4 comments:

  1. Really a valuable blog. As a humble student and the proud teacher of Literature, I am sure to get real benefit of this material.

    ReplyDelete
  2. it is a good reading
    Dr.BS Chahal

    ReplyDelete
  3. The article is full of grammatical and spelling mistakes. The quality is horrible. Almost nothing is logically communicated. The blogger/writer should be more careful.

    ReplyDelete
  4. alam syed bro, u r 100% correct. this article is full of grammatical mistakes. they should be more careful in writing content which is read by mass readers.

    ReplyDelete

Related Posts Plugin for WordPress, Blogger...

All Posts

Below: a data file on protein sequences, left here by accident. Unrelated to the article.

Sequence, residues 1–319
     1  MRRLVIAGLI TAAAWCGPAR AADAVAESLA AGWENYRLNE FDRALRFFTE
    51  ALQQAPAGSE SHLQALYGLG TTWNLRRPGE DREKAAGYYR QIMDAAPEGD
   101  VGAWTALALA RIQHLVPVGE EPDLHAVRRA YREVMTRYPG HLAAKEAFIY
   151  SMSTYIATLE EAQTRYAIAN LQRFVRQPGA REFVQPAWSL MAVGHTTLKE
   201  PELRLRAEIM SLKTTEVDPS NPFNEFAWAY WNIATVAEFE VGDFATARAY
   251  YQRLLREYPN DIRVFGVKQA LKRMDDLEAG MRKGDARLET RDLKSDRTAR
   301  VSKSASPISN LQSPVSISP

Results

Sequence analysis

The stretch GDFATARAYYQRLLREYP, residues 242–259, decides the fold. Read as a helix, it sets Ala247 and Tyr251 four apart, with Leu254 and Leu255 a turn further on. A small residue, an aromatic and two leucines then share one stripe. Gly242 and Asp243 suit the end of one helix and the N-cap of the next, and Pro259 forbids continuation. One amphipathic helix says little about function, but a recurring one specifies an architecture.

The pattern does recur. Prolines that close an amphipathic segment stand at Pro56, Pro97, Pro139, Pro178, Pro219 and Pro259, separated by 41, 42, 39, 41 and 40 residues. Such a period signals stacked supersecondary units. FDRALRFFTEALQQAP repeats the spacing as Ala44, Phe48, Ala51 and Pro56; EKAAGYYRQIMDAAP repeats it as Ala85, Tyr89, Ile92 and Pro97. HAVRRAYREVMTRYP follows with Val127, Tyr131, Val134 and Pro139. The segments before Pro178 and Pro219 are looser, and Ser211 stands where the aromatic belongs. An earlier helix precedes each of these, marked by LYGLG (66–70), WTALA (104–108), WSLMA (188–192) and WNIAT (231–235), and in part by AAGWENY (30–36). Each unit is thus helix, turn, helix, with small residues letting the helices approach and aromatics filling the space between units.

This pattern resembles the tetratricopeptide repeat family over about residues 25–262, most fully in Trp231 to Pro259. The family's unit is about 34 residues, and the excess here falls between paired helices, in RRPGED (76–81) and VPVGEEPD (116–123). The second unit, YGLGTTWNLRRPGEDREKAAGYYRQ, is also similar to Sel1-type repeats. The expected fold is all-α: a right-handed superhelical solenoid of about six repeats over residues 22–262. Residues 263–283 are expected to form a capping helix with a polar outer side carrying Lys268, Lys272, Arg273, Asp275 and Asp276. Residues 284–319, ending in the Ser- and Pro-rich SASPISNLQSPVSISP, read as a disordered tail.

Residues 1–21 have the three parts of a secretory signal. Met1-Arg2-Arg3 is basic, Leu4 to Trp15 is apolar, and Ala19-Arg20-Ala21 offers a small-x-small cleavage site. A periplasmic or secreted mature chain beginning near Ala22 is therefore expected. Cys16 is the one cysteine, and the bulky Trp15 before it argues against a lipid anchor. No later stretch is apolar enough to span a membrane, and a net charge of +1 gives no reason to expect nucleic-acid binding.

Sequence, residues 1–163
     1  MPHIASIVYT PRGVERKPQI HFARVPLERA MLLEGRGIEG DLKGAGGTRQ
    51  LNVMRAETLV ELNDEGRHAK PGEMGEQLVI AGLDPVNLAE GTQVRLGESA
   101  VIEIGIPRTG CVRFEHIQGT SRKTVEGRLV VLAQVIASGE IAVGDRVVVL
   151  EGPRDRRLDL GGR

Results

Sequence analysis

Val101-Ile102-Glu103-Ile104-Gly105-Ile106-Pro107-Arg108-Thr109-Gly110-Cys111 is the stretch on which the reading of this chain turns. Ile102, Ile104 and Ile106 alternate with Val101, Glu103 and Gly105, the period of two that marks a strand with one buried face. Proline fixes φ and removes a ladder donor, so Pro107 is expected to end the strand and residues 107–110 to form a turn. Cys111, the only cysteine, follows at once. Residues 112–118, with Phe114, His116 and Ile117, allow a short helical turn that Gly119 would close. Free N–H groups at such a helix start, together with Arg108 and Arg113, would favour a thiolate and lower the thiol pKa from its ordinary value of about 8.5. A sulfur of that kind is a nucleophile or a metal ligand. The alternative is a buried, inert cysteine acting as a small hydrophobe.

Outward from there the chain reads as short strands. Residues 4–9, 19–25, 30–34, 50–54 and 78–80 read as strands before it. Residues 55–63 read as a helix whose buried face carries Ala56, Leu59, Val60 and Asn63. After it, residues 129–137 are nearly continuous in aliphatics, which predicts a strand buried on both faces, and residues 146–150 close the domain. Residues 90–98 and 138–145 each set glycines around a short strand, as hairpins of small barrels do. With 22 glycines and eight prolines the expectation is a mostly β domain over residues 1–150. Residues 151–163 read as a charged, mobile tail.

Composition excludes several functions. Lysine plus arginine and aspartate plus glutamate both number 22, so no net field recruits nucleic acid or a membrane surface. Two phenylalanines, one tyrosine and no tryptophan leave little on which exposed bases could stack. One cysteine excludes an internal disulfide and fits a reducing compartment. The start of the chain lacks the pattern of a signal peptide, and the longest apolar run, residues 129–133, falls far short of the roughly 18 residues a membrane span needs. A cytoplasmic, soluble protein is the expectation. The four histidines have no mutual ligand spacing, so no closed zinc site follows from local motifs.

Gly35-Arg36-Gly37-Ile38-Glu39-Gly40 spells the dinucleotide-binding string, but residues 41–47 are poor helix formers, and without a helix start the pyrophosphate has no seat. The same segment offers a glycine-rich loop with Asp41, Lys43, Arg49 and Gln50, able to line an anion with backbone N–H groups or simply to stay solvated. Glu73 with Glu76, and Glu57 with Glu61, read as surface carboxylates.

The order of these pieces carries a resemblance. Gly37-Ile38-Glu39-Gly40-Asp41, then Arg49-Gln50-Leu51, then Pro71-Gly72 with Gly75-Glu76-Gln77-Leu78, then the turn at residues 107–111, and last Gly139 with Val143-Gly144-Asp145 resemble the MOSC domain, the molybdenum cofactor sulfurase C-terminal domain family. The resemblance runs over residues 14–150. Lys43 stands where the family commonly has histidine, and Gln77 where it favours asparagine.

A Fine Balance A House for Mr. Biswas Absurd Drama Achebe Across the Black Waters Addison Adiga African Ages Albee Alberuni Ambedkar American Amrita Pritam Anand Anatomy of Criticism Anglo Norman Anglo Saxon Aristotle Ariyar Arnold Ars Poetica Auden Augustan Aurobindo Ghosh Backett Bacon Badiou Bardsley Barthes Baudelaire Beckeley Bejnamin Belinda Webb Bellow Beowulf Bhabha Bharatmuni Bhatnagar Bijay Kant Dubey Blake Bloomsbury Book Bookchin Booker Prize bowen Braine British Brooks Browne Browning Buck Burke CA Duffy Camus Canada Chaos Characters Charlotte Bronte Chaucer Chaucer Age China Chomsky Coetzee Coleridge Conard Contact Cornelia Sorabji Critical Essays Critics and Books Cultural Materialism Culture Dalit Lliterature Daruwalla Darwin Dattani Death of the Author Deconstruction Deridda Derrida Desai Desani Dickens Dilip Chitre Doctorow Donne Dostoevsky Dryden Durkheim EB Browning Ecology Edmund Wilson Eliot Elizabethan Ellison Emile Emily Bronte English Epitaph essats Essays Esslin Ethics Eugene Ionesco Existentialism Ezekiel Faiz Fanon Farrel Faulkner Feminism Feminist Criticism in the Wilderness Ferber Fitzgerald Foregrounding Formalist Approach Forster Foucault Frankfurt School French Freud Frost Frye Fyre Gandhi Gender German Germany Ghosh Gilbert Adair Golding Gordimer Greek Gulliver’s Travels Gunjar Halliday Hard Times Hardy Hawthorne Hemingway Heyse Hindi Literature Historical Materialism History Homer Horace Hunt Huxley Ibsen In Memoriam India Indian. Gadar Indra Sinha Interview Ireland Irish Jack London Jane Eyre Japan JM Synge Johnson Joyce Joyce on Criticism Jumpa Lahiri Jussawalla Kafka Kalam Kalidasa Kamla Das Karnard Keats Kipling Langston Hughes Language Language of Paradox Larkin Le Clezio Lenin Lessing Levine Life of PI literary Criticism Luckas Lucretius Lyrical Ballads Macaulay Magazines Mahapatra Mahima Nanda Malory Mandeville Manto Manusmrti Mao Marlowe Martel Martin Amis Marx Marxism Mary Shelley Maugham McCarry Medi Media Miller Milton Moby Dick Modern Mona Loy Morrison Movies Mulk Raj Anand Mytth of Sisyphus Nabokov Nahal Naipaul Narayan Natyashastra Neo-Liberalism NET New Criticism new historicism News Nietzsche Nikita Lalwani Niyati Pathak Niyati Pathank Nobel Prize O Henry Of Studies Ondaatje Orientalism Orwell Pakistan Pamela Paradise Lost Pater Pinter Poems Poetics Poets Pope Post Feminism Post Modern Post Structuralism post-Colonialism Poststructuralism Preface to Shakespeare Present Prize Psycho Analysis Psychology and Form Publish Pulitzer Prize Puritan PWA Radio Ramayana Rape of the Lock Renaissance Restoration Revival Richardson Rime of Ancient Mariner RL Stevenson Rohinton Mistry Romantic Roth Rousseau Rushdie Russia Russian Formalism Sartre Sashi Despandey Satan Sati Savitri Seamus Heaney’ Shakespeare Shaw Shelley Shiv K.Kumar Showalter Sibte Hasan Slavery Slow Man Socialism Spender Spenser Sri Lanka Stage of Development Steinbeck Stories Subaltern Sufis Surrealism Swift Tagore Tamil Literature Ted Hughes Tennyson Tennyson. Victorian Terms Tess of the D’Urbervilles The March The Metamorphsis The Order of Discourse The Outsider The Playboy of the Western World The Politics The Satanic Verses The Scarlet Letter The Transitional Poets The Waste Land The Work of Art In The Age of Mechanical Reproduction The Wuthering Heights Theatre of Absurd Theory Theory of Criticism Theory of Evolution Theory of Literature Thomas McEvilley Thoreau To the Lighthouse Tolstoy Touchstone Method Tughlaq Tulsi Badrinath Twain Two Uses of Language UGC-NET Ulysses Untouchable Urdu Victorian Vijay Tendulkar Vikram Seth Vivekananda Voltaire Voyage To Modernity Walter Tevis Webster Wellek West Indies Wharton Williams WJ Long Woolfe Wordsworth World Wars Writers WW-I WW-II Wycliff Xingjian Yeats Zadie Smith Zaheer Zizek Zoe Haller